A 5.3-magnitude earthquake struck 38 miles off the coast of California Thursday afternoon, rattling Los Angeles.
Earthquakes are the result of plate tectonics, or shifting plates in the crust of Earth, and quakes occur when the frictional stress of gliding plate boundaries builds and causes failure at a fault line. In an earthquake, elastic strain energy is released and waves radiate, shaking the ground. Scientists can predict where major temblors might occur in a general sense, but research does not yet allow forecasts for specific locations or accurate predictions of timing. Major earthquakes, some generating tsunamis, have leveled entire cities and affected whole countries. Relatively minor earthquakes can also be induced, or caused by human activity, including extraction of minerals from Earth and the collapse of large buildings.
A swarm of 200 earthquakes hit Yellowstone National Park, but seismologists still aren't sure what that means.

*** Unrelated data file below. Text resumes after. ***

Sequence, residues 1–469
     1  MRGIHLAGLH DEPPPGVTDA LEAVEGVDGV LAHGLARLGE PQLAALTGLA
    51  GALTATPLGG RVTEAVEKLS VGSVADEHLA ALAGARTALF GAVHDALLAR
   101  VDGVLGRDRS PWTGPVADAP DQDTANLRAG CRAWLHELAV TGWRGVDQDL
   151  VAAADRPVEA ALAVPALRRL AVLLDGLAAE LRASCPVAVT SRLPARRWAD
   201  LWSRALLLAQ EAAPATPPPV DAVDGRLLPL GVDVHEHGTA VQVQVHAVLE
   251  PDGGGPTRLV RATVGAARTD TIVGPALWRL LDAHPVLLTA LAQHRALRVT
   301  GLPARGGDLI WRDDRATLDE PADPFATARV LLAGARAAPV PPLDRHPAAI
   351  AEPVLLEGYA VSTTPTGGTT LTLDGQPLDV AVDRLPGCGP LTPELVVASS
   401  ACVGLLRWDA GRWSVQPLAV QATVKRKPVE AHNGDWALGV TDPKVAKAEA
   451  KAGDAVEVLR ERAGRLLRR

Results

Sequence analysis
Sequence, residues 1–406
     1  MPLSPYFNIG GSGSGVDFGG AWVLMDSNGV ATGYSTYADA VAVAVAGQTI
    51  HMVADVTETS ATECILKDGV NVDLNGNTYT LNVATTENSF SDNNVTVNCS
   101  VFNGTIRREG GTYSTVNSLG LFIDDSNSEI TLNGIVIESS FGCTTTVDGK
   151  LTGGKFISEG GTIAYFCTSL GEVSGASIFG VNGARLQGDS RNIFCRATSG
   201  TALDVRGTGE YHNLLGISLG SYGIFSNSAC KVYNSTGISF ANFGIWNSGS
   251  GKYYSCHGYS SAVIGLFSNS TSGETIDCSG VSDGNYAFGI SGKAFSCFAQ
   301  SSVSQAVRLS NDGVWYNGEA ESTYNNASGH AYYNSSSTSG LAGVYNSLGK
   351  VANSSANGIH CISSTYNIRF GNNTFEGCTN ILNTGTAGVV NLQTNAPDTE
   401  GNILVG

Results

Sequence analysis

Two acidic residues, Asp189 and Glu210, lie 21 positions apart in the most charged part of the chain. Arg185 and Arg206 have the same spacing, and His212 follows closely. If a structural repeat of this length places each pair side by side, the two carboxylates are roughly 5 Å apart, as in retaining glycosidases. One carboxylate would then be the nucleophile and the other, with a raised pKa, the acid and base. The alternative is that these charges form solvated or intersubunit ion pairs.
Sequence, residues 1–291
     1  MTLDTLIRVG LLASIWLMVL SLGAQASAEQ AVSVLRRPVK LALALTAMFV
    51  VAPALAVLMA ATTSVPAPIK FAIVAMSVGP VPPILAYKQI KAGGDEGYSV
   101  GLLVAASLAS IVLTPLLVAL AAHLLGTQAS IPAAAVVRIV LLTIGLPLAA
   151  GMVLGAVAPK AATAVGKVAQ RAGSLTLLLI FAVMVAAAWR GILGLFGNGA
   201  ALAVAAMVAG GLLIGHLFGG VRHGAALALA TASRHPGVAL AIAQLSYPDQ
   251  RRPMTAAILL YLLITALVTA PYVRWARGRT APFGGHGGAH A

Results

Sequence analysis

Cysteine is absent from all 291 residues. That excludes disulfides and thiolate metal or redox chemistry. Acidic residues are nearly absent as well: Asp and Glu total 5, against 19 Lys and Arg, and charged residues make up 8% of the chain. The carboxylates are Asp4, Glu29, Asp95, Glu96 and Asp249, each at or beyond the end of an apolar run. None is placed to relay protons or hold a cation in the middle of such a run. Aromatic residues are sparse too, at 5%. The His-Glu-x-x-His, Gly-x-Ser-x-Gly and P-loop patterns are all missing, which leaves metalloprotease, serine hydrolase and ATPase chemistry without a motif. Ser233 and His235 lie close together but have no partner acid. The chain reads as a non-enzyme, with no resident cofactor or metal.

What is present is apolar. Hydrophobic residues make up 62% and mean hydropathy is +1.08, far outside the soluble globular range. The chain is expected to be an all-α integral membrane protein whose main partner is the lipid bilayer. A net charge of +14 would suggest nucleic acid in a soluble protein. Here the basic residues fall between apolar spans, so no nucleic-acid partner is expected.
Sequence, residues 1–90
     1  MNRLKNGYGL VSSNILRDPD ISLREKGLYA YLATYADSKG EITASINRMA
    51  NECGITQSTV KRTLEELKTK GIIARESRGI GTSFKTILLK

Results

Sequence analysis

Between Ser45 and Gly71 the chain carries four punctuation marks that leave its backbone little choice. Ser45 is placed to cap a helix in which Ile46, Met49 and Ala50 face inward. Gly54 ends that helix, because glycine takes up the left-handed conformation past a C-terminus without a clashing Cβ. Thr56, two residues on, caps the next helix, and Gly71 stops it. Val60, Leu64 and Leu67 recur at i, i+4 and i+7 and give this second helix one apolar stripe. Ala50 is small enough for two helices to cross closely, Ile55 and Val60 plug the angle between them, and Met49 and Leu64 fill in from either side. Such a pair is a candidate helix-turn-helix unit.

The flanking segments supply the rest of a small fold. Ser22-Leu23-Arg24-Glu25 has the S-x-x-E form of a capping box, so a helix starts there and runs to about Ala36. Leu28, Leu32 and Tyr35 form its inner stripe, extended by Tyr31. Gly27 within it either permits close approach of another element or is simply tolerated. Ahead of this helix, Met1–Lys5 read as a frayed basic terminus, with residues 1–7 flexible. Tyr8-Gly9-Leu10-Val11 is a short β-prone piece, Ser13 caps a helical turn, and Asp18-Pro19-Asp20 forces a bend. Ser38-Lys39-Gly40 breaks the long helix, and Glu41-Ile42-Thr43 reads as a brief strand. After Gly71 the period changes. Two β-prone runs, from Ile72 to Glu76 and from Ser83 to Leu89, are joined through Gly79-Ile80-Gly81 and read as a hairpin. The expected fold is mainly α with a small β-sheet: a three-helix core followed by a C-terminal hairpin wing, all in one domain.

California has a 93 percent chance of a magnitude-7 or greater earthquake occurring by 2045. Early warning systems, now in development, could limit casualties and damage.
A 7.9-magnitude earthquake struck off Kodiak, Alaska, this morning. A tsunami warning is in effect for parts of Alaska and British Columbia, Canada.
A magnitude-4.4 earthquake just hit Delaware Bay, Delaware, surprising people in The First State, a place typically unaccustomed to tremblers.
A new paper suggests the ancient Greeks built and rebuilt structures on fissures created by earthquakes, viewing the tremors as mystical occurrences.
An earthquake-toppled house in the ancient city of Jerash is providing archaeologists with clues on how artisans constructed mosaics during the eighth century.
A 4.2-magnitude earthquake hit Edmond, Oklahoma last night (Aug. 2) at 9:56 pm. local time, according to the U.S. Geological Survey.